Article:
In changing managers, the New York Mets produced one giant leap for Joe Torre, but only one small step for the organization. Many other steps, some not so small are necessary. The ideal step would be for M. Donald Grant to abdicate as chairman of the board and for his puppet Joe McDonald to be replaced as general manager. They created the chaos that Joe Torre has been hired to clear. As long as Grant remains in charge Joe McDonald will remain in office, all of which leaves Joe Torre in jeopardy if the Mets are not a contender. Not now. And probably not next season but in 1979, the final year of his contract, Joe Torre will be in jeopardy.
But for the Mets to be a contender the front office must supply Joe Torre with some hitters, some speed and some trust. They front office must negotiate an armistice with Tom Seaver, Jon Matlack and Dave Kingman.
“The guys seem to be trying like hell for me,” Joe Torre said. “After they do it for me, I hope they do it for themselves.”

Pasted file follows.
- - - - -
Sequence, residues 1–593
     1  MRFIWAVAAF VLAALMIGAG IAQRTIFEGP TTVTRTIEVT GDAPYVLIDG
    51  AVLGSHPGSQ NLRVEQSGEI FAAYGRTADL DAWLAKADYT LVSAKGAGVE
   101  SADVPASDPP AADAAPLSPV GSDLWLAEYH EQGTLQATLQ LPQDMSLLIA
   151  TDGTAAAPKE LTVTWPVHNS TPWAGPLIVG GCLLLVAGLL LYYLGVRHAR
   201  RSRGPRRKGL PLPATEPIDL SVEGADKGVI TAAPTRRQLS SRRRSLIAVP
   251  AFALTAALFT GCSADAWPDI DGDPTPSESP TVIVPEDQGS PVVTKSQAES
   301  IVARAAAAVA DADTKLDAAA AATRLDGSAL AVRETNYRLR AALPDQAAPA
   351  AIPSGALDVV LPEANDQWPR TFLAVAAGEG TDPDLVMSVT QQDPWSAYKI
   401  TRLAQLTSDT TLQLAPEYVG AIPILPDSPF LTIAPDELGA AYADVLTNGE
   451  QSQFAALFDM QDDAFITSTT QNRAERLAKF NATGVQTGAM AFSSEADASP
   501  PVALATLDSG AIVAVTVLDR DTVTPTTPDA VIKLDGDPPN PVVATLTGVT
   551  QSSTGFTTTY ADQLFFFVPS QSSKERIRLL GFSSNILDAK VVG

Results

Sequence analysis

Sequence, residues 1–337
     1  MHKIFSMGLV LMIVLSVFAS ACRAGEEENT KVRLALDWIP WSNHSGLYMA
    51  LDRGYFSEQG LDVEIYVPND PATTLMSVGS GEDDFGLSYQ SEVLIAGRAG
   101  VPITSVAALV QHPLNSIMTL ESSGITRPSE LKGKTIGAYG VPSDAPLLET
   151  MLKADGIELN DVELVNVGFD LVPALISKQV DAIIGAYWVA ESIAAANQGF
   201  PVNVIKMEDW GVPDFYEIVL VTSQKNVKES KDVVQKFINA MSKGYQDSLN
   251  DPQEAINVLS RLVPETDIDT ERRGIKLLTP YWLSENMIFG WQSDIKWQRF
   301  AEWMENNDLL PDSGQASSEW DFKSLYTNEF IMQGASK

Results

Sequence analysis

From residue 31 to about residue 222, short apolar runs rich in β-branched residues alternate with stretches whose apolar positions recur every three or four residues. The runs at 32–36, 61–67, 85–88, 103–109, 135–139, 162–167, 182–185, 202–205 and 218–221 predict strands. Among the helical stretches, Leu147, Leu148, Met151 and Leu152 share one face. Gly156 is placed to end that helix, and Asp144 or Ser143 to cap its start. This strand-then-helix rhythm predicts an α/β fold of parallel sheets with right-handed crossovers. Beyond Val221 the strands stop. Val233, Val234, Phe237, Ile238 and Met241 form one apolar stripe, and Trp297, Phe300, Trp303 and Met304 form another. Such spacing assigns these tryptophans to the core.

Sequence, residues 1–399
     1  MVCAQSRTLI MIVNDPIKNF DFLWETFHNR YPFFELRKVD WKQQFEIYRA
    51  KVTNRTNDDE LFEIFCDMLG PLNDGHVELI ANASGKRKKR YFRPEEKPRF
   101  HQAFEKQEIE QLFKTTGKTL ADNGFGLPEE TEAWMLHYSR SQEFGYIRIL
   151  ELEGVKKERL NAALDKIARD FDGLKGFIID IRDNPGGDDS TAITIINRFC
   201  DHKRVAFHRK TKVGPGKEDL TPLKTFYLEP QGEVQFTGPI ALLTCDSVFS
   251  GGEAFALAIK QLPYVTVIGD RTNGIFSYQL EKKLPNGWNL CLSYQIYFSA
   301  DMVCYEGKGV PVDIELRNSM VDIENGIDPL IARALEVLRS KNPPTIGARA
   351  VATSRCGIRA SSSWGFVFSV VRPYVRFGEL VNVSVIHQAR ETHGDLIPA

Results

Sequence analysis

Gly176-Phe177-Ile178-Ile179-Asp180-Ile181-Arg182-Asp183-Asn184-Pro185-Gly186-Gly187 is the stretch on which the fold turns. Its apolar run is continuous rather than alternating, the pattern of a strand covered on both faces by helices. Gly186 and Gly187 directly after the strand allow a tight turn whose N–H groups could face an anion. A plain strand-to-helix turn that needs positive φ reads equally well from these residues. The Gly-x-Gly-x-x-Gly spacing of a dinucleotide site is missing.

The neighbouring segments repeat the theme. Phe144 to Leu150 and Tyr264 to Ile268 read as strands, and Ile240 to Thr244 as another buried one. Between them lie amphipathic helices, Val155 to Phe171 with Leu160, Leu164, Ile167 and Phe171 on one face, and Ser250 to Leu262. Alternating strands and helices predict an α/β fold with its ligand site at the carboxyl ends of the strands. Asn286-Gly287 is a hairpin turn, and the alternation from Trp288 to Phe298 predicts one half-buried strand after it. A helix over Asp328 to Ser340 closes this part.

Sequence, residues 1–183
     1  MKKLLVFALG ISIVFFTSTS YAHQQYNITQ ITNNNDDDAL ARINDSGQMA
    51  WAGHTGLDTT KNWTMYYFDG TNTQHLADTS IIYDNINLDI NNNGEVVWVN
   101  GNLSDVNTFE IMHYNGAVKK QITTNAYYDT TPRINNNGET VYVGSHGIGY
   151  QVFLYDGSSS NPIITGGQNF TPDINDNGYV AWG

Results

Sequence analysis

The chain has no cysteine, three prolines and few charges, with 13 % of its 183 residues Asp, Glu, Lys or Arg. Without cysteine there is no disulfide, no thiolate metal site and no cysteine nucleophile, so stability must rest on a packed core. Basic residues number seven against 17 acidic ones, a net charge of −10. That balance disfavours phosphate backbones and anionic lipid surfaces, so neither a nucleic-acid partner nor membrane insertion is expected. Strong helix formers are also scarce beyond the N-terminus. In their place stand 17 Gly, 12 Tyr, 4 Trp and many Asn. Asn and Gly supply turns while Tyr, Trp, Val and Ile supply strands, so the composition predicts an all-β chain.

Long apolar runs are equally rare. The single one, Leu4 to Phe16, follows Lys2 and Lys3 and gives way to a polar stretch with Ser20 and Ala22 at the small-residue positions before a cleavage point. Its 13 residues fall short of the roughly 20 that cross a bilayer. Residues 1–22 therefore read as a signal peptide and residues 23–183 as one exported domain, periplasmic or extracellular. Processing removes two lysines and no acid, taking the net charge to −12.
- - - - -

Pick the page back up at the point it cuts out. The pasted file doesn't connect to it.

“If it were up to you, would you trade Seaver?”
“Trade him ofr who? I’m not going to trade Seaver for nobody. But if you buy a house for $50,000 and someone offers you $200,000 you’ve got to consider it.”
Since there are only two weeks left until the June 15 deadline, trading Tom Seaver won’t be easy. To justify trading the pitcher who has been described as “The Franchise” for nearly a decade the Mets should bet a performer of the same magnitude.
“The players will have respect for Joe the way they had respect for Gil Hodges,” says Seaver.
NYT Anderson 6/2/77